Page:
Universidad Finis Terrae – Santiago de Chile, Chile
1. Valid formalities before, during and after your stay.
One of the most important formalities before leaving for Chile is to obtain a visa.
Citizens of the Republic of Poland and most EU citizens have the possibility to stay in Chile without a visa for up to 90 days, so sometimes some people obtained a visa during their stay or did not do it at all – they traveled to Argentina and returned to Chile and then they had 90 days again. But it's a way that's not appreciated by universities.
The visa application process is quite fast, in my case it took 2 days from the completion of all the documents and the submission of the visa application to the appointment for the interview. You have to go to Warsaw to get your visa in person and it will be stamped into your passport during the visa meeting.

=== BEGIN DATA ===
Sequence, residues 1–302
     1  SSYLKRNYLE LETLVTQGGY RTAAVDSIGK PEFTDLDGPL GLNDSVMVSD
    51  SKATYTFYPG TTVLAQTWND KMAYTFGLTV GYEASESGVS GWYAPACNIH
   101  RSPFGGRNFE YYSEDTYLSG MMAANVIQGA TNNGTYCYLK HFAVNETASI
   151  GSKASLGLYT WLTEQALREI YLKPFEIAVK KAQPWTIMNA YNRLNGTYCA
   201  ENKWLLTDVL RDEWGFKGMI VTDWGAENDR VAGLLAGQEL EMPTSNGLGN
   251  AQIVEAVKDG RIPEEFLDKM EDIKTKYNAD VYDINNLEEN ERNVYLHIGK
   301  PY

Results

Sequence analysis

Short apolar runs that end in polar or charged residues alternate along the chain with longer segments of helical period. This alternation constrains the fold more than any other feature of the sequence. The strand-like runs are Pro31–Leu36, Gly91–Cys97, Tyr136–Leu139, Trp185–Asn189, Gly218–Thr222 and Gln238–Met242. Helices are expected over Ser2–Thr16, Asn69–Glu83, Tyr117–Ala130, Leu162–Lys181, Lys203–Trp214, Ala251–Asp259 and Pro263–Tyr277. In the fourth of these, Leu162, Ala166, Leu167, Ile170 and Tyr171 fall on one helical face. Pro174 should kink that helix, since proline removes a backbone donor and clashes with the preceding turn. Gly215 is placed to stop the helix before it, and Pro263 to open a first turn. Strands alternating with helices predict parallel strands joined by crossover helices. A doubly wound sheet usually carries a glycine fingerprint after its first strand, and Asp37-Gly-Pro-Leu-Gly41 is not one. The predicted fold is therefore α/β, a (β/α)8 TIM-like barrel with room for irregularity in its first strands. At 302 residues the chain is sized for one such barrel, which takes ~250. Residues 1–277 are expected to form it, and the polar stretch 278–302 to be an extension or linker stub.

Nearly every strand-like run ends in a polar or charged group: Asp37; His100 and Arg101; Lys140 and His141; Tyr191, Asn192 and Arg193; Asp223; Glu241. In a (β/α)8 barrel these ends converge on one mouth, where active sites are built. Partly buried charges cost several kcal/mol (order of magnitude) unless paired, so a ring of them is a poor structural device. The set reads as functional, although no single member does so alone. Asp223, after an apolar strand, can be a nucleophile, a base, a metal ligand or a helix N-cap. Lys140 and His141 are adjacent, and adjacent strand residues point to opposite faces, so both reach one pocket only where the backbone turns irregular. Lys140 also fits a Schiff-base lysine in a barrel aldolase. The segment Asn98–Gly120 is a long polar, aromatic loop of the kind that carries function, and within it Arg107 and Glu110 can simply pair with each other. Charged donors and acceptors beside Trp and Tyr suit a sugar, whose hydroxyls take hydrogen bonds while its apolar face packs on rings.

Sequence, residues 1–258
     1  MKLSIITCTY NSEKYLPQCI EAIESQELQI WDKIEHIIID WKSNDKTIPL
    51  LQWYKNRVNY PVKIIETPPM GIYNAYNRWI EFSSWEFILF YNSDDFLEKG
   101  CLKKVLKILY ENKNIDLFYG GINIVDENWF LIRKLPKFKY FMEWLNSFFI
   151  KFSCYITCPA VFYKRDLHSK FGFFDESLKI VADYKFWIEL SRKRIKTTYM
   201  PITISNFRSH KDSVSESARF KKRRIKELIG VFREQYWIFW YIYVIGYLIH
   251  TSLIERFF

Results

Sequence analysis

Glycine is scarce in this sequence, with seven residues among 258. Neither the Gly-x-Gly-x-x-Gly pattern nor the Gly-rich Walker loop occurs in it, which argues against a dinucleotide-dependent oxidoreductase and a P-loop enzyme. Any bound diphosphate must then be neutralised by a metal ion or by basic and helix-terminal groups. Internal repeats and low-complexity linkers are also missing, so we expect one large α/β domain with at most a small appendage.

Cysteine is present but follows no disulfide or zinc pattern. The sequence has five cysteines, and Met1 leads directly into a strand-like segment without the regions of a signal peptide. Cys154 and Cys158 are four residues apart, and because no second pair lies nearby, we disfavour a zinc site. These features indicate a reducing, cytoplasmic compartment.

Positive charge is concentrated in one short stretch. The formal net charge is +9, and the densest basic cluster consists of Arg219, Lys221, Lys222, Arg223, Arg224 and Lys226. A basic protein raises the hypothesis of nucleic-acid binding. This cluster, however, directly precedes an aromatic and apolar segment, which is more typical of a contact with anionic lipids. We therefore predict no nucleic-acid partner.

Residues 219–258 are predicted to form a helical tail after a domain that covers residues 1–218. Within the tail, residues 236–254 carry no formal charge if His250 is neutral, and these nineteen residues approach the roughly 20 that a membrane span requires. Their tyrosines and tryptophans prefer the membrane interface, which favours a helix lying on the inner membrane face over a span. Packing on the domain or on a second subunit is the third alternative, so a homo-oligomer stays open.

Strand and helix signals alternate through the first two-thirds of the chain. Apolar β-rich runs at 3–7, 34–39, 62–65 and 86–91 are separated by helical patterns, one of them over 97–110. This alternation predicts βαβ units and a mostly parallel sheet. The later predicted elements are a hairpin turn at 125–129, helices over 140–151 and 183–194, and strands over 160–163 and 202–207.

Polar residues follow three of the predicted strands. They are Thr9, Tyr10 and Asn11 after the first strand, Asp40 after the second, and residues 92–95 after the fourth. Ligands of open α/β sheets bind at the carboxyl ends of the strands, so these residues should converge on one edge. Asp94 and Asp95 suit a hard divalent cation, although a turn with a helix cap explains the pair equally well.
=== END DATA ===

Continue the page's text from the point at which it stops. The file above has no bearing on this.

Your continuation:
The meeting takes place in a friendly and relaxed atmosphere, which allows you to talk to the ambassador about things that concern you.
However, to apply for a visa, you will need the following documents:
- ORIGINAL Letter of Acceptance from the host university
- passport valid for at least 6 months
- passport photo
- a certificate of no criminal record with a certified translation into Spanish (not older than one month)
- certificate stating that there are no visible symptoms of infectious diseases (it is recommended to write it yourself in English and go to your general practitioner with a request to stamp and sign it).
- bank statement or parent's certificate confirming the potential responsibility for costs of the stay